"On paper, these cuts make FFXIII sound awful: The total abandonment of everything that fans enjoy about the series," Parish continues. "Outside of a few areas late in the game, FFXIII is the complete opposite of Final Fantasy XII. It does display traces of Final Fantasy X and X-2 -- the former in its corridor-like world design, the latter in its fast-paced, hyperactive combat system -- but even there it cuts loose most of the familiar elements present in the older games in favor of something much trimmer."

"In practice, however, FFXIII is far from awful," Parish assures. "It's unquestionably a huge departure for the series, but taken on its own merits, it works. If the quality of a game is defined by how well it lays down a series of objectives and proceeds to fulfill them (traditions be damned), FFXIII is an unqualified success."

Wired's Chris Kohler scores Final Fantasy XIII at 6 out of 10. "The most important thing to understand about Final Fantasy XIII, the latest in the world's most popular line of role-playing games, is that it isn't a role-playing game," he notes. "Final Fantasy XIII isn't an RPG; it's something less."

"This version's gimmick is that it pares down the gameplay to a few basic elements: Turn-based battles against mobs of fantastic creatures and elaborate, movielike story sequences," Kohler writes. "But this time, Square Enix finally threw the baby out with the bathwater: The things that make RPGs feel so different from other games -- the sense of a grand, nonlinear adventure and the rising and falling action of an open-ended world -- are gone."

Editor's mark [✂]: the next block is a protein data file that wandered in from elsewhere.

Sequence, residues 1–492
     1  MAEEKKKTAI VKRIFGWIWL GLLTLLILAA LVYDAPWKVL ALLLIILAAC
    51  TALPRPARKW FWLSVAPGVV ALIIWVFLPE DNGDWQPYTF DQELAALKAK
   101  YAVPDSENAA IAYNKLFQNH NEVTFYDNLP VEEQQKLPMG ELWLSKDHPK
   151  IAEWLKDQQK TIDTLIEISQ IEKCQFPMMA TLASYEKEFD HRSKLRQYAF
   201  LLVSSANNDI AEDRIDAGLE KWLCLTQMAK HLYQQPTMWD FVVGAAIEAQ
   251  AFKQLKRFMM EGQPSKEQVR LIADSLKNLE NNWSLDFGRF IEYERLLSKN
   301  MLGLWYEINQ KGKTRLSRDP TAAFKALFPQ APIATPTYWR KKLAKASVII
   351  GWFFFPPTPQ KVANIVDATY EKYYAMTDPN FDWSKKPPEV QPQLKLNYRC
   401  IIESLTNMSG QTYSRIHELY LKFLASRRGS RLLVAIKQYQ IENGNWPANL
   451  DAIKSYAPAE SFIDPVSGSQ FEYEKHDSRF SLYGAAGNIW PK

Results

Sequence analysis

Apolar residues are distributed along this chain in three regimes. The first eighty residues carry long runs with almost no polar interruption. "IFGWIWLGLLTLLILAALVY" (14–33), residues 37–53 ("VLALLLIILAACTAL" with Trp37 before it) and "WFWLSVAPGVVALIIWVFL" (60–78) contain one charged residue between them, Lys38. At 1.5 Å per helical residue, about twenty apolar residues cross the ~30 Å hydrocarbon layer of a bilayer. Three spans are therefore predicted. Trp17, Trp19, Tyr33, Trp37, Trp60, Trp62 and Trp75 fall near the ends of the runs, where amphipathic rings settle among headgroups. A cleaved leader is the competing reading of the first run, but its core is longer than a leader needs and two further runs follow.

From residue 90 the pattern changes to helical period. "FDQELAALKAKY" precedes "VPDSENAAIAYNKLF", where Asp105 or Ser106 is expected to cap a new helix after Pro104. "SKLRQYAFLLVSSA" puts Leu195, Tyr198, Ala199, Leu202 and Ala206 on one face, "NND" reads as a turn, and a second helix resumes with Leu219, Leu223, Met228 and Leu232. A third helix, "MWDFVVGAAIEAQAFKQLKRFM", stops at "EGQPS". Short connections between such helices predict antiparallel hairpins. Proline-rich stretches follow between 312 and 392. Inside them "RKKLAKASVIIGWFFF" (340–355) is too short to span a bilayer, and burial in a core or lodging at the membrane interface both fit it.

Kohler finds that Final Fantasy XIII's narrative is more successful than other elements. "XIII's story is good -- a little more human and less esoteric than in previous games -- but it's no Heavy Rain," he says. "It's still over-the-top and cartoony, more like an anime box set than a feature film. The pleasure still comes largely from the design of the characters, the world and the legions of grotesque creatures that inhabit it. It bursts with color and variety, taking you from gorgeous natural environments to futuristic cities."